• Artifacts of execution (Prefetch and Shimcache): Review these via the registry hive.
  • Event logs: Use tools such Nirsoft’s event log tool.
  • Anti-virus detections

You might also use Eric Zimmerman’s forensic tools found on GitHub. Additional artifacts that you may need to investigate include:

  • UserAssist displays a table of programs executed on a Windows machine complete with running count and last execution date and time.
  • Shimcache tracks metadata such as the full file path, last modified date, and file size but contains only the information prior to the system’s last startup, as current entries are stored only in memory.
  • hve is a registry file that stores the information of executed applications.
  • Prefetch files are great artifacts for forensic investigators trying to analyze applications that have been run on a system.
  • USN Journal is used to determine whether any change is occurred in a specific file by applications.
  • MFT contains filesystem information such as modified, accessed and created dates and file size.

The importance of keeping log data intact

Too often organizations destroy information before incident responders can protect and recover data. You want to get systems back online and business back on track, but then you lose the forensic evidence you need to determine who the attacker was and how they entered the system. Using commands such as ping, nslookup or browsing may alert the attacker that they have been detected. Blocking the attacker at the firewall may work for a short time. Attackers can easily pivot to another attack location.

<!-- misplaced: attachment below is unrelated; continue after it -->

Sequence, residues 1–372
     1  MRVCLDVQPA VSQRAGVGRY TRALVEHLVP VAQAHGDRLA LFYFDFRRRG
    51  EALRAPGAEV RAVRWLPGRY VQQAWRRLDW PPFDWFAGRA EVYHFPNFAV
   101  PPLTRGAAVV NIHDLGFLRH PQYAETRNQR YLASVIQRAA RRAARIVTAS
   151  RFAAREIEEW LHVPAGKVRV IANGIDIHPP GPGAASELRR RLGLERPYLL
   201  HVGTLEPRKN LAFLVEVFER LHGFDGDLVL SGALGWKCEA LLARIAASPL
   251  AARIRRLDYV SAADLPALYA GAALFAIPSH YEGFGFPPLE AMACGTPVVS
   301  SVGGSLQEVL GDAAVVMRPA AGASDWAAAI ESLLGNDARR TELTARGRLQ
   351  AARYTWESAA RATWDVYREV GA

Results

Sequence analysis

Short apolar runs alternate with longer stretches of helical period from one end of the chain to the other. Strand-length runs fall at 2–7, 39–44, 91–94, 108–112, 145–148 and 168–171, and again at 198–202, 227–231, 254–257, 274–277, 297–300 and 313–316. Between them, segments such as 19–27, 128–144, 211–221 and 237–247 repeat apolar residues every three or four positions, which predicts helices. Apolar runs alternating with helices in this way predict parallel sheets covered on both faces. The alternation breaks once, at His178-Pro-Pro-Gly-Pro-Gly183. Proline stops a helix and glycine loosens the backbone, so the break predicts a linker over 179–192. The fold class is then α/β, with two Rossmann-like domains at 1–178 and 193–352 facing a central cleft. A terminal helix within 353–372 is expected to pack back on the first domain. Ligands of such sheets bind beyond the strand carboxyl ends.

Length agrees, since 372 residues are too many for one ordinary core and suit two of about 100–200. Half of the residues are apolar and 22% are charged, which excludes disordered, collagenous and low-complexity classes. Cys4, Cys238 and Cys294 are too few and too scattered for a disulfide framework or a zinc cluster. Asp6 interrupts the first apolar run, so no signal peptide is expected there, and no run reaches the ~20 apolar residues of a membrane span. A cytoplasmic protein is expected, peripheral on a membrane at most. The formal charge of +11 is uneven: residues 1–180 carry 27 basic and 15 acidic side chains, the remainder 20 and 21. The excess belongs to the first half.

Keeping log files intact is a key requirement in investigation. Often an attacker will delete log files to hide their tracks. Have an alert sent to you if a log file is suddenly deleted as it’s not a normal activity and often is a sign that an attacker is on the system. Store log files offsite where the attacker can’t gain access and erase the evidence. If you run a Windows network, install a free installation of Splunk to test out an SIEM tool if you do not already have one in your environment. If you use Office 365 or Microsoft 365, you can extract the logs using PowerShell.

Using the same network or even examining the live machine will often taint the evidence and will indicate to the attacker that you have determined the machine was attacked. You may wish to have first responders that are connected to a vlan or better yet on their own network such as a cellular network.

If you remove an infection and do not investigate how the attacker gained access to the system, you will leave your network vulnerable to more attacks. Restoring the system from a backup when you don’t understand the root cause of the attack puts the system back into the same vulnerable condition that enabled the attack. If your firm does not have an onsite investigation team, ensure that you have access to someone who has the expertise. Ask your cyber insurance carrier what resources they provide to you in the event of an attack.

Copyright © 2020 IDG Communications, Inc.